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FILE - In this June 15, 2009 file photo taxi cabs are seen at Tegel Airport in Berlin. A court has issued an injunction barring ridesharing service Uber from operating in Germany, the latest shot in a fight with the country’s taxi drivers. Frankfurt state court spokesman Arne Hasse said Tuesday, Sept. 2, 2014 its decision that Uber can’t offer its services without a specific permit under German transport laws applies nationwide. (AP Photo/Gero Breloer, File)
Court halts ridesharing service Uber in Germany
Transportation » San Francisco-based Uber said it would use “all legal means” to prevail.
First Published Sep 02 2014 10:27 am • Last Updated Sep 02 2014 10:27 am

Berlin • A court has barred ridesharing service Uber from operating in Germany, the latest shot in the popular app’s fight with taxi drivers worldwide.

Frankfurt state court spokesman Arne Hasse said Tuesday the decision that Uber can’t offer its services without a specific permit under German transport laws applies nationwide.

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The injunction applies pending a full hearing of a suit brought against Uber by Taxi Deutschland, a German cab association that also offers its own taxi-ordering app. The suit is being heard in Frankfurt because it is one of the several German cities in which Uber operates.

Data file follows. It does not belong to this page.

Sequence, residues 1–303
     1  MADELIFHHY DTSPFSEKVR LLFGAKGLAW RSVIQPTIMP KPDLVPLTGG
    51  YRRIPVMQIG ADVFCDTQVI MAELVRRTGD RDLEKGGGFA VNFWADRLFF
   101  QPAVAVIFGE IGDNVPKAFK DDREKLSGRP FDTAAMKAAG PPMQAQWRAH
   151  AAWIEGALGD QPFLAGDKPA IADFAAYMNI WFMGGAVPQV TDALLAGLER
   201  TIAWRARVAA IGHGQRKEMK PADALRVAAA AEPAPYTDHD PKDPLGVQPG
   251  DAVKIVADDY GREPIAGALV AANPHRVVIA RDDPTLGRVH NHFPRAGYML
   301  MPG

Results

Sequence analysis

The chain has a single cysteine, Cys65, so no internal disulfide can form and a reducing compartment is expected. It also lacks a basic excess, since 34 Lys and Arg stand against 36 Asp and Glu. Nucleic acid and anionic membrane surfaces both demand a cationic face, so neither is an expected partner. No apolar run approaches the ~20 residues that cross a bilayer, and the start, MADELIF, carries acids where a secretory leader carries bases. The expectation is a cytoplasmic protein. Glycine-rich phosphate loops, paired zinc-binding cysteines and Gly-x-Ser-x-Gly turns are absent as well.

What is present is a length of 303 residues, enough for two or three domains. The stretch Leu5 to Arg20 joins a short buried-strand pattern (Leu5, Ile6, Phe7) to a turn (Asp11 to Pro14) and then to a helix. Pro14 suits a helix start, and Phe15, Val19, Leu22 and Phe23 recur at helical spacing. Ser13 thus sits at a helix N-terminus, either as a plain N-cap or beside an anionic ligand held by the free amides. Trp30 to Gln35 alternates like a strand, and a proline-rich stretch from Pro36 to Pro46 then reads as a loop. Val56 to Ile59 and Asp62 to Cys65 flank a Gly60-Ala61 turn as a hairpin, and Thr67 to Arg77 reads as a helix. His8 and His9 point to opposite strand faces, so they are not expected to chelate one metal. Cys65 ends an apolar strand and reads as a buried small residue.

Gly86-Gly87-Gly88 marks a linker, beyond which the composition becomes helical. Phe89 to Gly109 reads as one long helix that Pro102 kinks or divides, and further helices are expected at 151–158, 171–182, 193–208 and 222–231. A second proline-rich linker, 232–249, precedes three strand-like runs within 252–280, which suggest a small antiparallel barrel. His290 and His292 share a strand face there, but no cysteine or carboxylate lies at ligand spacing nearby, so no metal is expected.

San Francisco-based Uber said it would use "all legal means" to fight the case.

"It’s never a good idea to limit people’s choices," Uber said. "We believe that innovation and competition is good for everyone — it profits both drivers and passengers."

The ruling comes after Berlin authorities last month barred Uber from operating in the capital because of safety concerns.

Taxi Deutschland’s arguments were in line with those of established cab companies that claim Uber’s app-based services, which offer limousines and pickups by private drivers, dodge rules that ordinary taxi firms have to abide by.

Taxi Deutschland said Uber allows drivers to skirt safety and insurance regulations that apply to conventional cabs, and for employers to avoid sector benefit and wage agreements and taxes.

"The state, society and workers all lose," the company said.




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